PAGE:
A GROUP of 72 SCUBA divers ironed their way to a Guinness World Record at St Leonards yesterday.
The divers set the record for the most people ironing underwater at the same time, narrowly pipping the previous mark of 70.
Lovely-to-behold screensaver clock featuring Helvetica Bold numbers dropping into water in super-slow-motion. $15 and 137 MB to download. (Just the idea of a 100+ MB screensaver makes me laugh.)
For quite some time now I have known that there is something seriously wrong with the way BREIN (the Dutch equivalent of the RIAA) operates in their war on piracy. It’s obvious that the music (and film) industry’s giants have been destroying themselves by completely not keeping up with their customer’s demands. And I know that, in a last attempt to regain control of the market, anti-piracy organizations do weird and stupid things.
But what I came across this morning in my mail box baffled and angered me (translated into English):
“(…) After examining your web site, we have determined that you are illegally offering copyrighted material for download, without a license. (…)“
BREIN then continues to threaten me with a lawsuit if I don’t remove the tracks. My own tracks! And I’m not even offering them for download, I’m just linking to my releases and streaming short clips (from external sources)!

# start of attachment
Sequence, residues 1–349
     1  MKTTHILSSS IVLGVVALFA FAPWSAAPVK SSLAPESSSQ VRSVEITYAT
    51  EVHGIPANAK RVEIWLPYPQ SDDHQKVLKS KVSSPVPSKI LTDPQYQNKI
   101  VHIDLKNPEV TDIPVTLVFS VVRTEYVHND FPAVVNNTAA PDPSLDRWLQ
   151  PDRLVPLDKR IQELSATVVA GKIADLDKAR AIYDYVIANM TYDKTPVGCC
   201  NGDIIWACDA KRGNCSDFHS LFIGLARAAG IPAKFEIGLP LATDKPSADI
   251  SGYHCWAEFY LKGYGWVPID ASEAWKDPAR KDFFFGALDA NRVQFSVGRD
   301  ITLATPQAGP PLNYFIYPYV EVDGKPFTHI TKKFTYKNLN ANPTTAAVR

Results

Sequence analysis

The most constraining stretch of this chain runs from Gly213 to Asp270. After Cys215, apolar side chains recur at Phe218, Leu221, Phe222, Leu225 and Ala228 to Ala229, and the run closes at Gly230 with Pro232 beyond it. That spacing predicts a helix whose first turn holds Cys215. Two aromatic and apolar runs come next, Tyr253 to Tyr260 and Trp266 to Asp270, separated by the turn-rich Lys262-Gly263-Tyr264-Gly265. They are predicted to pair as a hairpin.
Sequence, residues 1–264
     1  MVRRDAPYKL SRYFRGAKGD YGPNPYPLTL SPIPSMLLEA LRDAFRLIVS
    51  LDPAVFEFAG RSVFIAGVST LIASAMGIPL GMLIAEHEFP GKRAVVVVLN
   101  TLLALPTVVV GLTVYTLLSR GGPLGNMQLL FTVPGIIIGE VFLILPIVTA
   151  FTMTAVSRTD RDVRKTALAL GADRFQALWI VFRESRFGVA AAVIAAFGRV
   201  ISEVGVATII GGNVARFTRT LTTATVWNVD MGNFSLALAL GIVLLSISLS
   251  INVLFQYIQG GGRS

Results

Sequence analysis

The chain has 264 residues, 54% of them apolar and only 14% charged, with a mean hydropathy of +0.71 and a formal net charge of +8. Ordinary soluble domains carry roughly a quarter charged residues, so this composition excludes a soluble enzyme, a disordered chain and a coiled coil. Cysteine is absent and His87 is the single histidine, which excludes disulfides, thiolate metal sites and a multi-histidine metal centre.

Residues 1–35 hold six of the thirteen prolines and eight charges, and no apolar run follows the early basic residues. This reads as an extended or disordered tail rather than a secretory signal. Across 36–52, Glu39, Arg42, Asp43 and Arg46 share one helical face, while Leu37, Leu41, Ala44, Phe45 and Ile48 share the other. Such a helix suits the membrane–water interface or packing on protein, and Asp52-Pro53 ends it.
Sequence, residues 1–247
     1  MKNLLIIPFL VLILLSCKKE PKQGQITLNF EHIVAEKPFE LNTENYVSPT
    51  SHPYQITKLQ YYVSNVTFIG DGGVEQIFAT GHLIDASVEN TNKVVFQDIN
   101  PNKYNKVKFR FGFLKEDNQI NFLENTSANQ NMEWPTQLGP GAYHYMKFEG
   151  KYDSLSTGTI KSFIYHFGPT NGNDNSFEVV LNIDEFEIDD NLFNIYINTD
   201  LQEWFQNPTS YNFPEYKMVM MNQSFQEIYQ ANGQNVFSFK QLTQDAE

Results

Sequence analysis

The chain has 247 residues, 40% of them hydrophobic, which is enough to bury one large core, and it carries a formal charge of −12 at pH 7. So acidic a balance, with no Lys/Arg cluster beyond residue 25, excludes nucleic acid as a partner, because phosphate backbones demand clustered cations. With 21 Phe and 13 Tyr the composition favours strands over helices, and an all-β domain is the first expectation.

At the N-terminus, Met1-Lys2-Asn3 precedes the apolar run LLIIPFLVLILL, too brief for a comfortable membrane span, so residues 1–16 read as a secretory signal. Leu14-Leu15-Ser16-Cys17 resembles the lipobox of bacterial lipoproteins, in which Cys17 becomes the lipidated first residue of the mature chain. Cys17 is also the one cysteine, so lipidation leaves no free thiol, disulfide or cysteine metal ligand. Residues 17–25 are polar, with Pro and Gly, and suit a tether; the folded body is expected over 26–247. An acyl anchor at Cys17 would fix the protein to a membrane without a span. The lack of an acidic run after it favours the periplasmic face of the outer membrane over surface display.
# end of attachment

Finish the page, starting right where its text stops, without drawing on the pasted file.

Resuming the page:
Sony BMG is no stranger to piracy. As one of the most vocal supporters of the RIAA and IFPI antipiracy efforts, the company has some experience hunting down and punishing consumers who don’t pay for its products. The company is getting some experience on the other side of the table, however, now that it’s being sued for software piracy.
PointDev, a French software company that makes Windows administration tools, received a call from a Sony BMG IT employee for support. After Sony BMG supplied a pirated license code for Ideal Migration, one of PointDev’s products, the software maker was able to mandate a seizure of Sony BMG’s assets. The subsequent raid revealed that software was illegally installed on four of Sony BMG’s servers. The Business Software Alliance, however, believes that up to 47 percent of the software installed on Sony BMG’s computers could be pirated.
There was a massive protest when Standard Norge decided that Norway will say yes to OOXML, despite the fact that most of the comitee-representatives were against.
The ISO-vote is currently undecided, and Norway’s vote can tip the decicion in favor of accepting OOXML as an ISO-standard.
Things took another turn just a couple of minutes ago, as Steve Pepper, the chairman of the SN/K185 (ISO/IEC JTC 1/SC 34 mirror committee, has sent a formal protest to ISO. He asks that Norway’s vote be suspended, because it does not represent the opinion of the comitee members.
He has also asked the Norwegian Ministry of Trade and Industry to look into the Norwegian process.
In the long run ISO will become untrusted, marginalized and obsolete. Microsoft has graphically demonstrated how easily ISO’s processes can be corrupted, which means that other corporations will follow suit. Don’t expect the world to have the same respect for ISO after this. Think of it this way: If we couldn’t trust the w3c, or the Acid2/3 tests, the standard for websites would likely fall back to “Works Best with Internet Explorer 8.” That’s effectively what’s about to happen to everything ISO.